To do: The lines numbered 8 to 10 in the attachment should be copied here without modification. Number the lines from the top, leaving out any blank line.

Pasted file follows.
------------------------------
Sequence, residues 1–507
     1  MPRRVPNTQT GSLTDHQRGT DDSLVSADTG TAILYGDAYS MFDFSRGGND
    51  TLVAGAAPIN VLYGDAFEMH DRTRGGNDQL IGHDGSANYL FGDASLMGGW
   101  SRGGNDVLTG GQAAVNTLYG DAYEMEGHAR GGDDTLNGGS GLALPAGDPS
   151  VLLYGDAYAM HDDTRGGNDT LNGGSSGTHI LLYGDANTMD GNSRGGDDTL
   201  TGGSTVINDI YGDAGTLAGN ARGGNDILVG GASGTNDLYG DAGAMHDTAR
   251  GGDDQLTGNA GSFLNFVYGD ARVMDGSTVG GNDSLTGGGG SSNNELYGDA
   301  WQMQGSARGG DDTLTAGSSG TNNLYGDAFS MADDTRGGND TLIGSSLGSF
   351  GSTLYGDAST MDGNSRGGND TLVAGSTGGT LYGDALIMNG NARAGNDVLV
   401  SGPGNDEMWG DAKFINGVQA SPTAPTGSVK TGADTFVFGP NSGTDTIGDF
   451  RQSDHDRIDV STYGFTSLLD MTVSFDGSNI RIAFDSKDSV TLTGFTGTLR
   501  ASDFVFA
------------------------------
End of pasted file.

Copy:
   301  WQMQGSARGG DDTLTAGSSG TNNLYGDAFS MADDTRGGND TLIGSSLGSF
   351  GSTLYGDAST MDGNSRGGND TLVAGSTGGT LYGDALIMNG NARAGNDVLV
   401  SGPGNDEMWG DAKFINGVQA SPTAPTGSVK TGADTFVFGP NSGTDTIGDF